The French Dispatch is Wes Anderson at play
The director’s latest lacks depth, but has plenty to delight fans.
Wes Anderson often gets dinged by detractors for his abundant whimsy. The amount of aesthetic detail in his films, as well as their clever character or place names and clipped, hyper-literate dialogue can sometimes feel like it’s consciously avoiding emotional stakes.
At the very least, critics of Anderson’s work claim he mistakes characters’ eccentricities for personality, and idiosyncratic visual details for immersive setting. A closer read of most of Anderson’s films render those reductive statements inaccurate, but there is a grain of truth to the fact that he sometimes values craft over character.
This is a long way of saying that Anderson’s latest film The French Dispatch, while delightful in many respects, likely won’t sway the haters but will enchant the many who already love him. The much-anticipated new film lacks the emotional and thematic depth of Moonrise Kingdom, The Grand Budapest Hotel, and even Isle of Dogs. Dramatically, it feels like a step backward. However, in terms of artistry, it ranks among some of the director’s most ambitious, impressive work to date.
The French Dispatch presents itself in the style of the fictional magazine of its title, a publication inspired by The New Yorker and its famed historical roster of writers. On the death of the magazine’s publisher, ex-pat Kansan Arthur Howitzer Jr. (Bill Murray), the magazine based in fictional Ennui-sur-Blase, France, ceases publication.
The film takes us through The French Dispatch’s final issue, starting with Howitzer’s obituary, continuing through a brief travelogue and a series of three feature stories on the arts, politics, and fine dining respectively.
Each of these stories, presented by their authors, introduces their own distinct ensemble of characters. The second entry, a feature on an incarcerated artist (Benecio Del Toro) and his prison guard muse (Lea Seydoux) narrated by art critic J.K.L. Berensen (Tilda Swinton) is the most entertaining.
It’s got colorful flourishes, excellent physical comedy, and a knockout throughline in Swinton. Anderson gets extra props here for acknowledging the scenery of Kansas, where part of the story takes place, without painting it as an ugly, artless wasteland.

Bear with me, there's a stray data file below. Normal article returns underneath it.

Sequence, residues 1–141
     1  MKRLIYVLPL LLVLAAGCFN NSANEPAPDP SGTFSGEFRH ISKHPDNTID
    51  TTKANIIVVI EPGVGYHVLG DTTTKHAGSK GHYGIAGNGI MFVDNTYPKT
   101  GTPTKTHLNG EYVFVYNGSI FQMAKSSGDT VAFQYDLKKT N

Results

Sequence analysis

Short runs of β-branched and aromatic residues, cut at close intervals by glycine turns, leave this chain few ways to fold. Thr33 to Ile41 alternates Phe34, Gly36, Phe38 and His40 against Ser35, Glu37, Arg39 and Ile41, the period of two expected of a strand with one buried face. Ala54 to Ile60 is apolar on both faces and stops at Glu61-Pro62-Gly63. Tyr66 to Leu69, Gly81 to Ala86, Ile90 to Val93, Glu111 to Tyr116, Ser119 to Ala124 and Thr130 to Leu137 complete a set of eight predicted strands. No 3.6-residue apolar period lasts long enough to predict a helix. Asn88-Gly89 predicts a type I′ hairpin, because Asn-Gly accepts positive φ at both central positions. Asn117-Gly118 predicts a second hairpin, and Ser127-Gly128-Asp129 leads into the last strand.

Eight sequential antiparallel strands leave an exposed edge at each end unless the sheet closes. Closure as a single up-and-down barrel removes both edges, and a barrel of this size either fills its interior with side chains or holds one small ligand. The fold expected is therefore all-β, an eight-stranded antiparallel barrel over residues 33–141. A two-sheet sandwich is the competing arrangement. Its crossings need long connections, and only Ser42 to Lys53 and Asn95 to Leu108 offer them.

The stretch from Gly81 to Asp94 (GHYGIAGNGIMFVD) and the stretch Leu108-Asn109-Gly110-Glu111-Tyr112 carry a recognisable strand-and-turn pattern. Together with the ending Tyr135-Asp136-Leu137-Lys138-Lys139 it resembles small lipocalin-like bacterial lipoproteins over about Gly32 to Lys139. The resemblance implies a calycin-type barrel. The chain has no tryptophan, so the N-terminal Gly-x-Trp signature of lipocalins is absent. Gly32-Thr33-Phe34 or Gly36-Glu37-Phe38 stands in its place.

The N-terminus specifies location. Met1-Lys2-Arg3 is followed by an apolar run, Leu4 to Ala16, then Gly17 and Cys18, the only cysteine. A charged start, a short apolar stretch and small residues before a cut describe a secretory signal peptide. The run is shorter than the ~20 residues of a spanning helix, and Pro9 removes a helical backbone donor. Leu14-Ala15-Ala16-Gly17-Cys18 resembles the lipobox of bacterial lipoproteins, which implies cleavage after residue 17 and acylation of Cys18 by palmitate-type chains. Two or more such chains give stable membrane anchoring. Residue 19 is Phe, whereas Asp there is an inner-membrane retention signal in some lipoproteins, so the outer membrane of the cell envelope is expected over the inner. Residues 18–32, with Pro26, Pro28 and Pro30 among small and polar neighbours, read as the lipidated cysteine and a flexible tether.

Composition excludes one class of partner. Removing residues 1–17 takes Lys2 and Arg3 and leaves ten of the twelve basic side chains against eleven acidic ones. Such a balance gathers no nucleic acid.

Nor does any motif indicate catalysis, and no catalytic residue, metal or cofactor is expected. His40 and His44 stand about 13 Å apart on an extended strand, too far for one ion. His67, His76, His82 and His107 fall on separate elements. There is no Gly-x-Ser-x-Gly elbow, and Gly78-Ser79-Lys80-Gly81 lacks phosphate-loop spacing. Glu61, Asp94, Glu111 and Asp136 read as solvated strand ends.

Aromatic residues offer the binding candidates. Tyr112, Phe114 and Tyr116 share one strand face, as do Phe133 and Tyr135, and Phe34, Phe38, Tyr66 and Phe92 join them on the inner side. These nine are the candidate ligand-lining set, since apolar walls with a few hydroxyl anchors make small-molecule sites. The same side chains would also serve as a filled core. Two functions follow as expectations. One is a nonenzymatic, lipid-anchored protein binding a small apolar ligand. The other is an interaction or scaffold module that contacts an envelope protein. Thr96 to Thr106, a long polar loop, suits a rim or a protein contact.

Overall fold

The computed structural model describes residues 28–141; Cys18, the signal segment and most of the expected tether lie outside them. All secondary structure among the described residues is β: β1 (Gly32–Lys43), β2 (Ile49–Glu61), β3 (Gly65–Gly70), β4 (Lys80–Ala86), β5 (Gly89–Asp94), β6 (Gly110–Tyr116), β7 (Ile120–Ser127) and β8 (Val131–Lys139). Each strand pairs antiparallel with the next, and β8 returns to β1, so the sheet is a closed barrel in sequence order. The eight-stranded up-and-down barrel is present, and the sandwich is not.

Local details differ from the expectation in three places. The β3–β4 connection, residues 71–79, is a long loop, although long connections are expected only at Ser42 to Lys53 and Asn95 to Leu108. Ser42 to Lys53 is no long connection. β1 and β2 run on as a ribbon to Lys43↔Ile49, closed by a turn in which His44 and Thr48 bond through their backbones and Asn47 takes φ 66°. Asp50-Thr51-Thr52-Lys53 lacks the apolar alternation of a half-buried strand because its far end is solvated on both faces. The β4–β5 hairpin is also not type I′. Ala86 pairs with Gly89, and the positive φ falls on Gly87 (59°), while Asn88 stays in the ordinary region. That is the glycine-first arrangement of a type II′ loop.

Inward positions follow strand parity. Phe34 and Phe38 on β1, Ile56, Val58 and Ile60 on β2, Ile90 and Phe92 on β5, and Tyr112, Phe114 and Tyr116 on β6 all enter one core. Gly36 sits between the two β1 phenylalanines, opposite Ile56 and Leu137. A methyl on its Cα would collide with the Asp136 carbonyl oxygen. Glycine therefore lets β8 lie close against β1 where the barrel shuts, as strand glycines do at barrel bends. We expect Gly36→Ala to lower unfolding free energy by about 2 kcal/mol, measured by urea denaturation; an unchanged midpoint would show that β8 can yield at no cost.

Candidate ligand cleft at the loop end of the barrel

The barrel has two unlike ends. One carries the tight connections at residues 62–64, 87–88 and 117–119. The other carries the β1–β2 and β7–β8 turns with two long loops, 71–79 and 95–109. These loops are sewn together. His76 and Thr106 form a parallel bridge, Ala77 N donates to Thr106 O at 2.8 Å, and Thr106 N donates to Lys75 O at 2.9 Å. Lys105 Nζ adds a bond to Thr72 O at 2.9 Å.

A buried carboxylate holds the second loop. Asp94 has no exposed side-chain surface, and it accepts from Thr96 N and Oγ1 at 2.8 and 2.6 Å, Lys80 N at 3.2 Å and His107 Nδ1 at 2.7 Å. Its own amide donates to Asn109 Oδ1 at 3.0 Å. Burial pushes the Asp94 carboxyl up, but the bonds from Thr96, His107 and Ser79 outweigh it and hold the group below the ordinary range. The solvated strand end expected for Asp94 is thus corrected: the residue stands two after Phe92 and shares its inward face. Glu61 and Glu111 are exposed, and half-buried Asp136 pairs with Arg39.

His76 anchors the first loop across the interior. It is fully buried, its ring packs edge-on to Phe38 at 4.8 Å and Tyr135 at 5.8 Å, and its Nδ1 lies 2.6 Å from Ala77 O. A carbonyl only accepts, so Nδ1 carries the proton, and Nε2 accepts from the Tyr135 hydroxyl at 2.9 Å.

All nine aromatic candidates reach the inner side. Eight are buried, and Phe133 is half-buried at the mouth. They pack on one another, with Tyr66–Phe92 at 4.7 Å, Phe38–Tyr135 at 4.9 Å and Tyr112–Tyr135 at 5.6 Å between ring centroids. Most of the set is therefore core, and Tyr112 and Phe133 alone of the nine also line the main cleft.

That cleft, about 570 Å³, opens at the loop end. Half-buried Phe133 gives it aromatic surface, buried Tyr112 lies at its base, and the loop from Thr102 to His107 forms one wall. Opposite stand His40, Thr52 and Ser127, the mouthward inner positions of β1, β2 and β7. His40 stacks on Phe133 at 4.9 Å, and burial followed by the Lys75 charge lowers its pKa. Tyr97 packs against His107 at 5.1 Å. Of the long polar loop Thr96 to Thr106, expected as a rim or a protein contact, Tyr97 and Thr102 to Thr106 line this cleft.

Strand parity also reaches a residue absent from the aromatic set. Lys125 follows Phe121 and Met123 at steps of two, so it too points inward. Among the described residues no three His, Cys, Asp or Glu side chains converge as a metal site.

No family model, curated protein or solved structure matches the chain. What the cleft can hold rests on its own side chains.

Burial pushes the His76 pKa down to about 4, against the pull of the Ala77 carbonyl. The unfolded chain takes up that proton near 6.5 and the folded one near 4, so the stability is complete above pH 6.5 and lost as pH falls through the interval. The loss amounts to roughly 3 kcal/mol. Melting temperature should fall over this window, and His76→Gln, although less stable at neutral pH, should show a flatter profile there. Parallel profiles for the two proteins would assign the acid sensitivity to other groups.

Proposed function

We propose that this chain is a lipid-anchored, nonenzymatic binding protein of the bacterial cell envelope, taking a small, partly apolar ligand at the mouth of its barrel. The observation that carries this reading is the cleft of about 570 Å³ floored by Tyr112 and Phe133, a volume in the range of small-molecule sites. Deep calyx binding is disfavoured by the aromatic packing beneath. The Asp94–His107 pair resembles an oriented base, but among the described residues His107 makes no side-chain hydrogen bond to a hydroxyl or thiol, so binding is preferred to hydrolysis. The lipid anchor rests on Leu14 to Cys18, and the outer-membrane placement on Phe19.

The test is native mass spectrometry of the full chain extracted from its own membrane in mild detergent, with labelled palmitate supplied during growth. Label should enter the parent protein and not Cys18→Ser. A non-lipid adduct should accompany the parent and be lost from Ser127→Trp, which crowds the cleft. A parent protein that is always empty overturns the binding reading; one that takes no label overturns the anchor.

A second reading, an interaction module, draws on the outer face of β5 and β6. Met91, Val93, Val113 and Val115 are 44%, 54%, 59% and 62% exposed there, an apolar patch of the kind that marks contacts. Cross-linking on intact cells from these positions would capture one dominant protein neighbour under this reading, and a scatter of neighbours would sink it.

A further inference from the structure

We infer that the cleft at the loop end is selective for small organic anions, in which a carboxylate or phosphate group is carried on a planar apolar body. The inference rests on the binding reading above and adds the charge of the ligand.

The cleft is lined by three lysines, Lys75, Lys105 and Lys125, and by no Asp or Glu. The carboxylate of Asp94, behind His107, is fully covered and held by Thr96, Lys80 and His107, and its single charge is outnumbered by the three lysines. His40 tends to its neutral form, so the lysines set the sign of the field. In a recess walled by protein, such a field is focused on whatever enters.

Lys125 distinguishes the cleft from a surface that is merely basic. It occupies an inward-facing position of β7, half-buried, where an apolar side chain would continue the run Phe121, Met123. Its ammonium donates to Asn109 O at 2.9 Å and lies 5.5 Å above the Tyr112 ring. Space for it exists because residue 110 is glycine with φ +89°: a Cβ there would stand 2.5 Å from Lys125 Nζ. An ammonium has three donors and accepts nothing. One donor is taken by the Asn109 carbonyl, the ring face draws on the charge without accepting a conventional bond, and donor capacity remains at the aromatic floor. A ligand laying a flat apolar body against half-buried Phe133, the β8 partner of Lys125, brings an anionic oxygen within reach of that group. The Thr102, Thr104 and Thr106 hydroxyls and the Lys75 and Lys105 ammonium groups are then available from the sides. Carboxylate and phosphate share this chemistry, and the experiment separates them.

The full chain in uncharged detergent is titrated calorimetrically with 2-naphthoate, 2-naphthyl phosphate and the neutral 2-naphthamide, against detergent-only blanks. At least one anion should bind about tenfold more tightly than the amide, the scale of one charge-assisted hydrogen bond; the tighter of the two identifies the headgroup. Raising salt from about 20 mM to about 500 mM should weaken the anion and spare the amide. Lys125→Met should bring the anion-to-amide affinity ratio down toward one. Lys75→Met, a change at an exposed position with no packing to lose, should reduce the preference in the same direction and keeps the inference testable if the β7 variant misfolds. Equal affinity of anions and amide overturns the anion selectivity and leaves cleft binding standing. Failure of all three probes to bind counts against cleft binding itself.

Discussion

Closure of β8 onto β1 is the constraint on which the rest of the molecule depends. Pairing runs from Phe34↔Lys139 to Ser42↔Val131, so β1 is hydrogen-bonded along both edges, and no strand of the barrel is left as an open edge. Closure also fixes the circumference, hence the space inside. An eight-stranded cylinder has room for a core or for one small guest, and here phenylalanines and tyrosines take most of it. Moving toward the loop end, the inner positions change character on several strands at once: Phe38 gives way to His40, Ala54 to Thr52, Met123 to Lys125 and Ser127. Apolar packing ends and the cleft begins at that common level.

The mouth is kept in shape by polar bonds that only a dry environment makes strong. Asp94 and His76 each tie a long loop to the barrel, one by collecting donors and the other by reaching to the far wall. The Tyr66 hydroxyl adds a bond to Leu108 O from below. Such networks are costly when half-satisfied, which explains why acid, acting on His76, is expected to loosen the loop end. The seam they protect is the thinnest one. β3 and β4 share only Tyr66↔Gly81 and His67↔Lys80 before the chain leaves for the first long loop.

Throughout, Anderson plays with images that embrace his long-standing style, build on aspects he’s been developing, and depart from what we’re used to. The French Dispatch flits constantly between black and white and color photography, often to delineate the past from the present, but also to highlight the presence and impact of artistic encounters with paintings, music, or food.
The animated backgrounds and flattened perspective that showed up in The Grand Budapest Hotel are used more extensively here, with one story that takes occasional thrilling turns into full 2-D animation. It’s a fun visual sampler of impressively varied styles.
The drawback is that this anthology of stories means we spend considerably less time with each set of characters, and the complexities of their behavior are often flattened as a result. For example, the episodic nature of the stories keeps us from spending much time with Howitzer. The authors’ limited interactions with him, in most instances, keep us from better understanding their relationship to each other.
In other cases, the limitations of a shorter narrative populated with a feature film’s worth of cast means the point of certain stories gets lost completely.
The film’s middle entry, in which writer Lucinda Kremenz (Frances McDormand) reports on a student protest movement, hops schizophrenically within its large ensemble, making it difficult to discern what the protest is actually about. That romantic obtuseness is meant to be a satire of youth movements from a certain era, but you’d be forgiven for finding it annoyingly dismissive of current-day youth-led actions, and those who follow them, by proxy.
The French Dispatch is a well-made movie. However, its relative lack of pathos and sustained tension take away something from its overall profundity. It feels less like a statement and more like a canvas for artistic play. After a recent series of movies that felt like Anderson was starting to mature as a storyteller, this feels like a bit of a regression.
However, play is still an important practice, and every moment of The French Dispatch contains a sense of experimentation and fun. It may feel like a trifle, but it’s one in which every layer has taken a significant amount of work that demands consideration.